Thursday, August 27, 2009

The Lion

Just before midnight last Tuesday, Senator Edward (Teddy) Kennedy died at his home in Hyannis Port, at the age of 77, just two weeks after his sister, Eunice passed away. He died of brain cancer which he had been diagnosed with in May of last year.
He was a Senator from Massachusetts since 1962 after winning a special election to replace his brother, John Kennedy, who had been promoted to President of the United States. He stayed a Senator until his death, and was the third longest serving Senator in U.S. history at nine terms totaling 47 years.
He was born in Boston in 1932, the youngest of nine children of Joseph P. Kennedy, a prominent and wealthy businessman of Irish ancestry and dubious ethics, and Rose Fitzgerald Kennedy, also coming from a prosperous political Irish/Catholic family in Boston. His eldest brother Joseph died when 21, 170 pounds of Torpex, an explosive used in torpedos, prematurely detonated in an airplane he was in during World War II. His sister Kathleen also died in an airplane crash when Edward was just sixteen. His sister Rosemary suffered a failed lobotomy when she was 23 and would remain incapacitated and hospitalized for the rest of her life. His brothers John and Robert were both assassinated.
After getting caught cheating on a Spanish test in Harvard he was expelled and joined the Army as an enlisted man, and while stationed in Europe he climbed the Matterhorn, not a small feat as at least 500 climbers have lost their lives attempting to reach the summit. He reentered Harvard and graduated in 1956 with a B.A. in history and government. He graduated law school in 1959. Ted managed his brother John's bid for the Presidency in 1960, in the western part of the nation. In 1962 he took over John's vacant Senate seat, and was reelected to a full term in 1964. He lost John to an assassins bullet in 1963. He survived a plane crash the next year, suffering back injuries (which would cause him chronic pain for the rest of his life) a punctured lung, and broken ribs. In the Senate he helped pass the Immigration and Nationality Act of 1965, which ended a quota system based on national origen, which would eventually have a huge impact on the demographic makeup of the nation. In 1968, just after winning the California primary for President of the United States, Robert Kennedy was shot and killed. His brother Edward, who had a reputation for oratory prowess, said this at his brother's eulogy: "My brother need not be idealized, or enlarged in death beyond what he was in life; to be remembered simply as a good and decent man, who saw wrong and tried to right it, saw suffering and tried to heal it, saw war and tried to stop it. Those of us who loved him and who take him to his rest today, pray that what he was to us and what he wished for others will some day come to pass for all the world. As he said many times, in many parts of this nation, to those he touched and who sought to touch him: 'Some men see things as they are and say why. I dream things that never were and say why not.'"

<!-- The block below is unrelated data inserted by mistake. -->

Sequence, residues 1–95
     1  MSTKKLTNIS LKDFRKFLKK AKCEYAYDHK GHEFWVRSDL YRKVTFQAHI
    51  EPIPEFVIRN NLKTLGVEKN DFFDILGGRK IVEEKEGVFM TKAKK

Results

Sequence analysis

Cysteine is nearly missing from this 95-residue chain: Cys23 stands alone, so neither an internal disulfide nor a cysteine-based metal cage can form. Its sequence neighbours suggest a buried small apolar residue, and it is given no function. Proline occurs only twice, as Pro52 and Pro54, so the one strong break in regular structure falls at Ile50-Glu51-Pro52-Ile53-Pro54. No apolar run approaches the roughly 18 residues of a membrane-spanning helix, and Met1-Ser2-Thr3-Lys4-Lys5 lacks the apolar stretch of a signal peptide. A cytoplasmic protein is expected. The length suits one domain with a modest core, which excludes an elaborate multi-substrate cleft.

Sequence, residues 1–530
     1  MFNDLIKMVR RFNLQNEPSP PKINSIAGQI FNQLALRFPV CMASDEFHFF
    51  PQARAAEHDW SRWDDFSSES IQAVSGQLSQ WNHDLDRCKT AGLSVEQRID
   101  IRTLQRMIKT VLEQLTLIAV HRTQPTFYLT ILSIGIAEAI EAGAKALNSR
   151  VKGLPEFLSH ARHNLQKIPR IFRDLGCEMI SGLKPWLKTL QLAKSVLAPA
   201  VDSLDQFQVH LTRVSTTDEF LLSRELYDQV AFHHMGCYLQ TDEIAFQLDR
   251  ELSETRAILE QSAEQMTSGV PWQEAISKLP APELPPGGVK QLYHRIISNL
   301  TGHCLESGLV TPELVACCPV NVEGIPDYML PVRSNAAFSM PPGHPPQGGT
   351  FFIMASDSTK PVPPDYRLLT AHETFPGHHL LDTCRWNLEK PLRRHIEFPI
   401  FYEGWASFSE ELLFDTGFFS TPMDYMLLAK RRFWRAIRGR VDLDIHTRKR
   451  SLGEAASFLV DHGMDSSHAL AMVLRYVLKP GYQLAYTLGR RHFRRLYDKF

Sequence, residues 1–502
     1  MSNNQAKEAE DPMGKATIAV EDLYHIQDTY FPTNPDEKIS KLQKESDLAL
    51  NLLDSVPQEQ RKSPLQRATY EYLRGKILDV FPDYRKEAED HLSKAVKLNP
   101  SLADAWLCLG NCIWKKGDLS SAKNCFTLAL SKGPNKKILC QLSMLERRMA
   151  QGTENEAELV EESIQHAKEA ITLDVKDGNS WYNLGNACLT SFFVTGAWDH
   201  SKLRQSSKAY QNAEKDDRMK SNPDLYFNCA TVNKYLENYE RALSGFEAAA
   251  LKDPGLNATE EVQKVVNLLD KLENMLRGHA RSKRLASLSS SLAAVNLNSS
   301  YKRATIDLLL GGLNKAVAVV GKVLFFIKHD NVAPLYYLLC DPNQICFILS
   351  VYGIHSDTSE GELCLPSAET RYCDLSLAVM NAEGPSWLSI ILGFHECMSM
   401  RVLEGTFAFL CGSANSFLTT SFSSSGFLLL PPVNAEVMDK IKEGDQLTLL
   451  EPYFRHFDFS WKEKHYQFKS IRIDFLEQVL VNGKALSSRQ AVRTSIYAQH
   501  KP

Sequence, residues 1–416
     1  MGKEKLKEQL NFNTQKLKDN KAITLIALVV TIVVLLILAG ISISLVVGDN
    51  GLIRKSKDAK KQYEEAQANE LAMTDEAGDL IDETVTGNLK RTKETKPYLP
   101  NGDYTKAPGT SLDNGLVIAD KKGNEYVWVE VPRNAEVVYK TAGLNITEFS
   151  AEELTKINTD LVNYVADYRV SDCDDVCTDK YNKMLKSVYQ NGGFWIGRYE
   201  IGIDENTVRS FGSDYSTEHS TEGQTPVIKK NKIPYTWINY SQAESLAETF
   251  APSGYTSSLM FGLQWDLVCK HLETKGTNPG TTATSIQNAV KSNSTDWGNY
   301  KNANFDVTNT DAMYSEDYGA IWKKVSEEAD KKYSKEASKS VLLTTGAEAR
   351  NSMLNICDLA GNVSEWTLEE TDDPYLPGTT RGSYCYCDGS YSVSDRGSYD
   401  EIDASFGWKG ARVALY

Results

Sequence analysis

In 1969 his car accidentally drove off a bridge into the Poucha Pond, a tidal channel on Chappaquiddick Island, which killed his passenger, Mary Jo Kopechne, a 28 year old teacher and campaign specialist. Edward was able to swim to safety but left the scene of the accident without reporting it until the following day. He was married at the time to Joan Bennet Kennedy, the mother of his three children, and rumors of infidelity and drunkenness were cast in the media and his upcoming reelection bid was in peril. He pleaded guilty to the charge of leaving the scene of an accident, and received a suspended sentence. And in 1970 he easily won his second full term to the Senate.
Like his two older brothers, Edward ran for President in 1980 against the incumbent member of his own Democratic Party, President Jimmy Carter. His campaign though was disorganized and ineffective and he lost the nomination.
In his following years on the Senate Kennedy was a tireless worker for national heath care reform, stating the goal of universal health care "his life's work." The most visible Democratic figure unapologetically embracing liberal and progressive ideals to pass into law legislation he believed would benefit the entire nation, not for the corporate power brokers or the billionaire elite.
Wikipedia tells us: "He became known as "The Lion of the Senate" through his long tenure and influence. More than 300 bills that Kennedy and his staff wrote were enacted into law. He was known for working with Republicans and finding compromises among senators with disparate views. Kennedy played a major role in passing many laws, including laws addressing immigration, cancer research, health insurance, apartheid, disability discrimination, AIDS care, civil rights, mental health benefits, children's health insurance, education, and volunteering. In the 2000s, he led several unsuccessful immigration reform efforts."
Edward Moore Kennedy was not a perfect man. Events in his personal life dogged him throughout his career. But he never stopped. He always worked hard to make ours a better and richer life. We have all been affected by the laws he helped pass, and by the force of his character. In his own words: He need not be idealized, or enlarged in death beyond what he was in life; to be remembered simply as a good and decent man, who saw wrong and tried to right it, and saw suffering and tried to heal it.
Even in death his influence is still being felt. His passing may be the motivating factor, and rallying cry for the Democrats to buck up and pass public option health care reform.
It would be fitting that his life's work would be advanced at this time. He shall truly be missed.

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